Thursday, 2 December 2010

One Step Beyond

OK so I used the same headline on the Instanta blog when I booked the tickets for the Madness gig at Manchester Apollo on the eve of our retirement. But it's pretty appropriate and it gave me a bit of a kick when the group opened the show with those words. We finished work and hung up our biros and calculators at noon on Tuesday and headed for Manchester. The concert was standing only and I feared that the hip might not last the duration but Marion managed to find the only two foot wide strip of carpet in the auditorium and we watched in relative comfort. The group were brilliant. I never realised how many hits they had produced and each and every one of them was performed in rapid succession.The audience - an eclectic mix of old and young sporting a wide array of dark glasses, fez and pork pie hats- sang along with gusto and the words soon came back to us allowing us to join in with great enthusiasm. A perfect step into the post work world.

And on Wednesday we awoke to a Manchester winter wonderland and the luxury of not having to struggle into work. Marion's research paid off as always and she found a new Venetian style eaterie in Kendals department store. Cicchetti is owned by the people who own San Carlo (in the background above) and has taken over a corner of the ground floor of the store. Judging by the photos on the walls at San Carlo, it is a favourite stomping ground of many of Manchester's celebrities and I suspect that Cicchetti will be equally popular. The breakfast menu was varied, the all Italian staff were very friendly and efficient and the food was excellent and reasonably priced. It opens from 8 in the morning until late at night and specialises in the tappas style nibbles or cicchetti that are found in many Venetian canal side bars. Give it a try.

We got back to Southport in time for Orange Wednesday and this week's choice at Vue was The American. We both enjoyed this movie. Clooney is a paid assassin whose final assignment is in Abruzzo in Italy where, under the cover of being a butterfly loving magazine photographer, he befriends the village priest and falls in love with one of the local hookers. Some of the scenes pay homage to The Day Of The Jackal but it is a slow paced and thoughtful film rather than a conventional thriller. Clooney's "Mr Butterfly" is a man of few words but with them he creates a complex character that we can't love but, despite his amorality, we hesitate to hate. In the excellent supporting cast, Violante Placido as Clara and Paolo Bonacelli as the priest give memorable performances. If you enjoy a well constructed drama you will enjoy this.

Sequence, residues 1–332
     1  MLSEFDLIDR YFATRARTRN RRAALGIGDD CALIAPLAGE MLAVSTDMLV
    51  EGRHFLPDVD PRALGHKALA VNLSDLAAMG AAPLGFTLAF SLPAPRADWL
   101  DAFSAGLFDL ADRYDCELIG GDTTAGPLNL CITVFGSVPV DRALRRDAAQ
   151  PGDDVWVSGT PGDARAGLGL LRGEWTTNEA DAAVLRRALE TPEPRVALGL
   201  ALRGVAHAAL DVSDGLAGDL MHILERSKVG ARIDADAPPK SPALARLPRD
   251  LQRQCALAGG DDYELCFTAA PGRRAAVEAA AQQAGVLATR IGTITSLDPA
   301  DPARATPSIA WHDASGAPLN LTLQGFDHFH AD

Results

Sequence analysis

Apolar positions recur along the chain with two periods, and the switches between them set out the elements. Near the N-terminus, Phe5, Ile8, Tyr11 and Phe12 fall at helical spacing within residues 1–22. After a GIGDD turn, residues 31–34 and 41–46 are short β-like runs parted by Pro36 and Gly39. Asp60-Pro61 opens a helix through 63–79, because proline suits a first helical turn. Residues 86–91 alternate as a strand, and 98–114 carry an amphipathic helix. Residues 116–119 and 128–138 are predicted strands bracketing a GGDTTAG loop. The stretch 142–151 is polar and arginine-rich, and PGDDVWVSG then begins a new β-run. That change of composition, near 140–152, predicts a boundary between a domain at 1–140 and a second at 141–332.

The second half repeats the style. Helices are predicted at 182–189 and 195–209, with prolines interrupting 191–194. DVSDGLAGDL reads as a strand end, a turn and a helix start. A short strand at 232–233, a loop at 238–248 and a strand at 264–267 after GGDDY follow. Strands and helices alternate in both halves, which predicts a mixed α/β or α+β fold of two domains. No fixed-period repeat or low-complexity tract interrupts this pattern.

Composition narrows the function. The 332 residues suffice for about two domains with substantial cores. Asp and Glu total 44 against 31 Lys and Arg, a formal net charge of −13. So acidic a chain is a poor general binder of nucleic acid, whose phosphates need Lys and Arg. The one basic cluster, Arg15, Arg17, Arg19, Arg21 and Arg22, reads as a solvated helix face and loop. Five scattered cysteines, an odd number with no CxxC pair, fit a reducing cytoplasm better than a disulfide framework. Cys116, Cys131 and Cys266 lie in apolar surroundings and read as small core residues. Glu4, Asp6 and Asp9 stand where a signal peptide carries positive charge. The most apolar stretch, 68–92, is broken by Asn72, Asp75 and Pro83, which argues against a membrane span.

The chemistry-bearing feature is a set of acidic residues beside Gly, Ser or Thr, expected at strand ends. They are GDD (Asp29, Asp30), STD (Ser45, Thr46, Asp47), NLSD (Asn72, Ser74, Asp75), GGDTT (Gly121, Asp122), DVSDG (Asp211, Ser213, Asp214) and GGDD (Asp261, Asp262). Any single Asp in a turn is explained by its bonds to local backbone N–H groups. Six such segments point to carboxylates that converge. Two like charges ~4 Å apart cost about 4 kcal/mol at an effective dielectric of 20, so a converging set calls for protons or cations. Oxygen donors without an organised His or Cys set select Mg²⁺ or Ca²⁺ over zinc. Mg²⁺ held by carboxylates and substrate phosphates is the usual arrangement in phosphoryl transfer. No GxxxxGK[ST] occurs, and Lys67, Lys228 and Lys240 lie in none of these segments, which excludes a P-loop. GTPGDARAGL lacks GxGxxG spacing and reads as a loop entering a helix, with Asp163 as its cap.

One thing that we've already discovered about retirement is the joy of being able to go Christmas shopping midweek. It was busy at Liverpool One today but the crowds were tiny in comparison to a typical December Saturday or Sunday and we've been able to get virtually all our presents.

We were looking at 3D TVs and the salesman told us about the success of his wife's recent hip replacement. I go into hospital on Monday. I was disappointed to read today that our local Hospital trust has come out badly in the latest hospital statistics released this week and has a mortality score of 113 where 100 is the norm so I have a 13% higher chance of not coming out of the operation in Southport and Ormskirk than in an average UK hospital. After last Sunday's Observer published an interview with a widow whose recently retired husband died after a hip replacement I somehow think that the press has got it in for me. However the mortality rate for this procedure is extremely low.

I'll leave you today with the excellent new Coldplay Christmas video. Listen to the words. They're still waiting for the snow to fall? Where the **** are they?